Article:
Executive Secretary Whitney Young Jr.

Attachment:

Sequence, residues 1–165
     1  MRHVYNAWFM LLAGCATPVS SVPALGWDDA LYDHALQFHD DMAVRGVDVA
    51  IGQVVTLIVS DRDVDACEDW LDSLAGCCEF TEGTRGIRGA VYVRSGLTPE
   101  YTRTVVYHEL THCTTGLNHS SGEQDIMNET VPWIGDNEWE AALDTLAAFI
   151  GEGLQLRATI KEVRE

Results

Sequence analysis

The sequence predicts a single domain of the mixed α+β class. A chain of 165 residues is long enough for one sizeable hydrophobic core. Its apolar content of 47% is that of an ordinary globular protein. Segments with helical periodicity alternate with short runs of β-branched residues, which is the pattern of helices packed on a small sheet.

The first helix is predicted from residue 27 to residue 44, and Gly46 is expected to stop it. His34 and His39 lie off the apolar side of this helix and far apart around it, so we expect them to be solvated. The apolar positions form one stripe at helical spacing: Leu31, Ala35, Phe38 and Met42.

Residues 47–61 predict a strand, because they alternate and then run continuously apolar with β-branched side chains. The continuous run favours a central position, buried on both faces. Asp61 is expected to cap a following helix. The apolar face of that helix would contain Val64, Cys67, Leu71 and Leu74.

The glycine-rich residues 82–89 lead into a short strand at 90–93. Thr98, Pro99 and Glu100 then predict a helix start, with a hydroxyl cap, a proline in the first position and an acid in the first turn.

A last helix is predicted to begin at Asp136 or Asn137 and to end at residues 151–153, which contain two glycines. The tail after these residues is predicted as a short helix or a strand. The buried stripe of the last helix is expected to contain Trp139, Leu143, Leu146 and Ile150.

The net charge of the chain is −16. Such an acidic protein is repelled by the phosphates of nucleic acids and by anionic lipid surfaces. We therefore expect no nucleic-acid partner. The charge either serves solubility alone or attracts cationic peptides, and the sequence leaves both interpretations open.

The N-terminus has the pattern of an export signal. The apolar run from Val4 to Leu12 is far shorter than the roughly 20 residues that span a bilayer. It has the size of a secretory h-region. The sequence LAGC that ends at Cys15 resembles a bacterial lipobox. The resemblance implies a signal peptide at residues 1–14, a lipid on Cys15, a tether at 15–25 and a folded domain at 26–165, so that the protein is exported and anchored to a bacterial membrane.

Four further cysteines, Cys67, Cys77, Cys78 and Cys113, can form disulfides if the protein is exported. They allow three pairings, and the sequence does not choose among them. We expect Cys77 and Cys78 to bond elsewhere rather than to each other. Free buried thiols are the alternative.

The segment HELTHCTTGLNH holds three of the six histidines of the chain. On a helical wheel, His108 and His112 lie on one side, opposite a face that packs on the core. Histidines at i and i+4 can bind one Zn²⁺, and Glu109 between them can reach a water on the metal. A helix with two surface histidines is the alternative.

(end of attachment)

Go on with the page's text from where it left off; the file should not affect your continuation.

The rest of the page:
During the 1960s and under the executive leadership of Whitney Young Jr., the NUL became one of five major Civil Rights Organizations of the decade. The Kentucky University (formally Kentucky State College) graduate joined the Army Specialist training program during World War II. Gaining a speedy promotion from private to first sergeant, caused a rift amongst black soldiers and white officers. Young would use his experience to fuel his interest in racism, fighting for civil rights, and his agenda in the National Urban League. Young was one of the first Black Civil Rights leaders to create affirmative action initiatives and increased the NUL’s budget to almost 15 million dollars by the 1970s. Understanding the influence money had on the mission of the NUL, Young secured finances from major corporations such as the Rockefeller Brothers Fund, the Field Foundation, and the Ford Foundation. During his leadership, Young gave speeches to large businesses and corporations, urging them to invest in inner cities, African American businesses, neighborhoods, and value legislation that would destroy problems of the ghetto.